No to second anniversary of Sudan war

By Brian Kagoro

April 15 marked one year since the breakout of the devastating war in Sudan that has killed 14,000 people, displaced over 16.5 million and led to the worst humanitarian crisis today with half of the population in need of humanitarian assistance.

Almost five million people are on the brink of famine, 18 million face acute food insecurity and the economy has contracted by 40 per cent since the war began.

The magnitude of this crisis is being felt in the broader eastern, northern and Horn of Africa regions with 1.75 million people having fled mostly into South Sudan, Chad and Egypt. The scale of the suffering of the Sudanese is unimaginable and the crisis affects the most vulnerable. Some 53 per cent of the internally displaced are women and girls, 19 million children are thought to be out of school while 70 per cent of health facilities in conflict-affected areas are not functioning.

Apart from the wanton destruction of infrastructure and looting, whole households have had their lifetime savings, assets, and basis of livelihoods wiped out by this senseless war. This war is producing poverty on an industrial scale.

What began as clashes between military and paramilitary forces in Khartoum last year became a fully-fledged war engulfing the country, drawing in other armed groups. The belligerents have also been accused of looting, sexual violence and the use of starvation as a weapon of war.

Humanitarian crisis

However, despite its being one of the worst, Sudan’s humanitarian crisis has received very little attention compared to other crises of even smaller magnitude. The human carnage alone should have elicited African and international outrage as well as swift action. Yet Sudan’s crisis is met with a deafening silence and outstanding indifference.

This is also reflected in the grossly under-resourced humanitarian response. The UN reports that only six per cent of the estimated $2.7 billion needed for the country’s Humanitarian Needs and Response Plan has been received. There is also very little media coverage of the scale of the war and the dire humanitarian situation. Which begs the question: Do Sudanese lives matter at all? Or rather, as much as others? How can a conflict of this magnitude elicit such underwhelming attention, except such inattention be deliberate or reckless abandonment?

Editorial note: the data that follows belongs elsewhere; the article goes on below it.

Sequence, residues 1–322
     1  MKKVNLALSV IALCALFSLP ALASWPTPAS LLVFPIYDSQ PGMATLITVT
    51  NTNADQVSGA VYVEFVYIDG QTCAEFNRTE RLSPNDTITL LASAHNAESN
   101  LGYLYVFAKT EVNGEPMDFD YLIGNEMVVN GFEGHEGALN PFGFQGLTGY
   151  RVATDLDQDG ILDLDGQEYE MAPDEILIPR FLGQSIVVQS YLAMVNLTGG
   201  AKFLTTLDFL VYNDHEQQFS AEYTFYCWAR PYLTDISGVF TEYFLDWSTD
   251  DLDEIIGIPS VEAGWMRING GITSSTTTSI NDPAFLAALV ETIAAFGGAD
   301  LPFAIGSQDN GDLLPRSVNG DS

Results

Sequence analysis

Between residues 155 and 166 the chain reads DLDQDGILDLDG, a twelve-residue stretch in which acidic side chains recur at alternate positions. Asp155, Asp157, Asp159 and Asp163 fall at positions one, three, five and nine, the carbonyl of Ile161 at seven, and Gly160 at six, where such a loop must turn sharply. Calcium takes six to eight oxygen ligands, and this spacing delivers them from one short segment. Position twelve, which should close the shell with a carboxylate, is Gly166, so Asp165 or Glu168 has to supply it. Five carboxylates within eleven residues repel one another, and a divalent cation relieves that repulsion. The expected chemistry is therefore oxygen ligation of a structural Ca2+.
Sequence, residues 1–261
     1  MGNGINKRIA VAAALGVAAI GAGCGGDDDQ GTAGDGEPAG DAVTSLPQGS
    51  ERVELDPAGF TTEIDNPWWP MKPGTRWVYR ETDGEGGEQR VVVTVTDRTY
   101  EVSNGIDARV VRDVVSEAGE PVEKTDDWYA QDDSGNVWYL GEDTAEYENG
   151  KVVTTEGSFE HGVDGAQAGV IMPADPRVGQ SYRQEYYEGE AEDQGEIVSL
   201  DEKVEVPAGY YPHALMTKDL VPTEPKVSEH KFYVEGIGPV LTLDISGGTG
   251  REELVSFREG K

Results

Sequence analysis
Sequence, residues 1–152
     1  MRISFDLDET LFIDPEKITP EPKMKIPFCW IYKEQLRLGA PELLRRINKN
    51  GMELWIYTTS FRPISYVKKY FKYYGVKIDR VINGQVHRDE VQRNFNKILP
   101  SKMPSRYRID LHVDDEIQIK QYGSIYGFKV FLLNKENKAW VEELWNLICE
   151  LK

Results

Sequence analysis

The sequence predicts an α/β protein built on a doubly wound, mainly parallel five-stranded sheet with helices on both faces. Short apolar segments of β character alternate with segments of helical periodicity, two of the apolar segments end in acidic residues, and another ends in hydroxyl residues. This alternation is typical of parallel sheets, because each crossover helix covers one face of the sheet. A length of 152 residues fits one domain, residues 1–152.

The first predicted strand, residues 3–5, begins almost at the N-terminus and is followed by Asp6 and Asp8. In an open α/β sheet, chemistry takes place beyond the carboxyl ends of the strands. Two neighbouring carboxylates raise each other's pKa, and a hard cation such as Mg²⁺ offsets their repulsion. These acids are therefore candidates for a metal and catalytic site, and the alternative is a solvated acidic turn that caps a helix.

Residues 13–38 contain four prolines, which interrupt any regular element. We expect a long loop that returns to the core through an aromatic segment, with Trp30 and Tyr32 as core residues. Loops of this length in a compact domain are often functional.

Sudan was mired in a multilayered crisis of governance, development and security way before the war. However, the exacerbated situation since then has, sadly, been obscured by conflicts and humanitarian crises elsewhere—including the equally dire situations in Gaza and Ukraine, where the world has put most of its focus.

The ‘securocracy’ in Sudan has placed severe restrictions on the media environment with local journalists facing threats to their lives while their international colleagues are denied entry or have stopped covering the country. Besides, the shutdown of the telecommunications systems has created an information blackout with far-reaching ramification. Aid organisations report that a two-month internet blackout blamed on warring parties is preventing people from communicating and also making or receiving payments, severely impacting markets and food providers.

Actively silenced

Sudan’s crisis is not only being ignored; it is being actively silenced. Fundamentally, Sudan is suffering from a lack of political will to end the fighting. Finding a sustainable resolution of the conflict and addressing the dire humanitarian crisis should be a top priority of all parties in Sudan, the African Union (AU), the Inter-Governmental Agency on Development (IGAD) and the international community.

The AU and IGAD, in particular, must find a sustainable political solution to end the war. This must be immediate and decisive before the magnitude of the crisis spreads further across the broader eastern, northern, and Horn of Africa regions and its long-term impact on the Sudanese people deepens beyond what national resources and development aid can address. The international community must turn their attention on Sudan by committing to support the gravely under-resourced emergency response and call for unimpeded humanitarian access for food distribution to be secured.

But there is hope even amid grave adversity, demonstrated in small but resilient acts of solidarity and support by Sudan-based civil society groups providing medical, food and water, sanitation and adequate hygiene (WASH) aid despite grave threats from belligerents.

The ‘Can Do’ and ‘Never Allow Tyranny’ have inspired Sudanese everywhere to make extreme sacrifices to serve the under-served of their compatriots. We must ensure that their heroic sacrifices are not in vain.

For us who care about justice, freedom, dignity, equal humanity and rights, we must refuse to normalise the abnormal. It cannot be that one of the world’s worst humanitarian crises continues to be one of its most hidden. Sudan cannot afford a second anniversary of civil war. And solidarity and positive action by all of us can make a difference!

Mr Kagoro is the managing director, Open Society Foundations.

Read the original article on Nation Africa